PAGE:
It’s good to take pictures. The world is often so strange and hard to understand, she struggles to ‘get’ people and what’s going on. Pictures help.

She doesn’t always need a film to freeze the moment though, as her eyes notice everything and her brain registers every detail. Sometimes surroundings and situations – lines in the pavement, cars’ registrations numbers, the length of steps, knots in a wooden panel that look like eyes. She’s a finder, with a keen eye for patterns she quickly spots anything that stands out.

Sometimes her brain registers actions, her own or others’. Especially when she is upset. When she’s done something she shouldn’t or said something wrong. Strangely, the wrong things she says are usually something correct that she’s not supposed to say. Why not? Isn’t she supposed to tell the truth? Mysteries of this sort seem endless. There’s no way of predicting them, maybe it would be best to say nothing at all. If only that were possible.


Some pictures are words, a text that describes a moment or event. Words form stories. It’s fun to play with words, because words tell the truth. Words on paper are what they pretend to be. That doesn’t seem to apply to spoken words, people often say one thing but mean another. She finds that very hard to understand.

They say she began to talk when she was one year old and hasn’t been quiet since. That’s probably true, as the struggle to stem the flow of words is one of her biggest challenges. To try to keep quiet and not speak all the time, about everything, to everybody, interrupting anyone and everyone.

There’s just such a short distance from her thoughts to her mouth. And her mind is in fast forward. She notices everything, compares, classifies and interprets, in attempts to find logic. Make herself understood. Understand others. There is an endless talk show going on in her head and sometimes she just forgets to turn off the sound. She notices when people stop listening, sees their gaze turn away and is always a little bit hurt although she really can’t stop. She has so much to say.

She also remembers a lot of words that she doesn’t understand. Words in a foreign language for example. Long and complex words that will wait in her brain until she finds their meaning, often by chance, often years later. When that happens, a picture gets attached to the word and both find their correct place in her catalog.


The word ‘Asperger’ isn’t particularly long but it’s meanings are multiple. In fact the word is a name, a surname, as well as being used as a term to describe a syndrome on the autism spectrum.

Asperger didn’t exist in the catalog inside the girls’ brain. She would have known, as the layered significance of the word would have made it complex and as such, unforgettable. A word with a clear meaning, yet variable according to its use as well as depending on the individuals it’s used to describe.

The man Hans Asperger didn’t “have Asperger’s”. He was just one of the first people to link together various attributes of a certain group of people who had difficulties with social interaction while at the same time being rather intelligent.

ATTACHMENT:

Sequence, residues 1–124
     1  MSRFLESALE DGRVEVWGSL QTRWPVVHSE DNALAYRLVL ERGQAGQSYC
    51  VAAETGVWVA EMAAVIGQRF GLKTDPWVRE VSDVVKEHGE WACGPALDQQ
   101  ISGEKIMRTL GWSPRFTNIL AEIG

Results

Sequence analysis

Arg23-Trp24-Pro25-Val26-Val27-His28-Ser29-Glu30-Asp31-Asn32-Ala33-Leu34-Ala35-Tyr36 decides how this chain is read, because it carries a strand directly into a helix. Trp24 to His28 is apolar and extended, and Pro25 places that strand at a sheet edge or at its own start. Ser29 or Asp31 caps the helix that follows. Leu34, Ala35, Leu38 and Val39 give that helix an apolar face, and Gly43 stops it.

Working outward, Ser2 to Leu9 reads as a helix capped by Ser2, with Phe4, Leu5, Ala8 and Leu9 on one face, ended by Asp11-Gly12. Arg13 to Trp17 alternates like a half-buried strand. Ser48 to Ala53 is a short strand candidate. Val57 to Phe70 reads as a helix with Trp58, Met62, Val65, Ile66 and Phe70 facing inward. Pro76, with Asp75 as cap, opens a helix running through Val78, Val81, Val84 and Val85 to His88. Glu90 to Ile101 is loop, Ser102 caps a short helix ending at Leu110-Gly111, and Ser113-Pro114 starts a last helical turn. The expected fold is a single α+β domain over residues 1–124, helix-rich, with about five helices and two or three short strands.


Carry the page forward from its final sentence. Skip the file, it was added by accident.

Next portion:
Aspeger was in fact quite clever himself, but in a different way. He didn’t necessarily memorize the registration plates of all the cars in his neighborhood or store long foreign words in his brain to find their meaning later. And Asperger didn’t necessarily notice the girls, like this one, who were almost the same as everyone else, just not quite. Who learned some things at super-speed while struggling hard with others. Who hid their troubles carefully and pretended that nothing was wrong. Like this girl who did her best to fit in, with the aid of pictures and words and a brain that never stopped looking and categorizing and searching for patterns. Whose head was so full of words that they kept falling out of her mouth.

It took a long time for her to see that the word Asperger didn’t just apply to nerdy boys obsessed with computer games who don’t like the potatoes touching the meat. That it also applies to girls who hold on tight to their cameras like travelers fallen to the Earth and feel as though they’re just learning to speak like the natives. Act like the others. Appear normal.

Half a lifetime

Hans Asperger was around forty when he described the syndrome that bears his name. I was well past forty when I knew for certain that the lens through which I see the world was Asperger’s syndrome

I know a lot about Asperger’s syndrome, as well as many other things, but I definitely still have some revising to do on my ‘users manual’ and need to reevaluate quite a lot in my heart and mind. This blog will be part of that process.

I feel a bit awkward about not having found this out sooner. That I didn’t see how off center my camera often was. How different my point of view was often from that of other people. Systematically and unalterably. Firmly.

Yet I still think that the girl in the picture has done incredibly, incredibly, incredibly well. And I would like to reach back in time to hug the little traveler, pat her on the back and say: It’s going to be alright.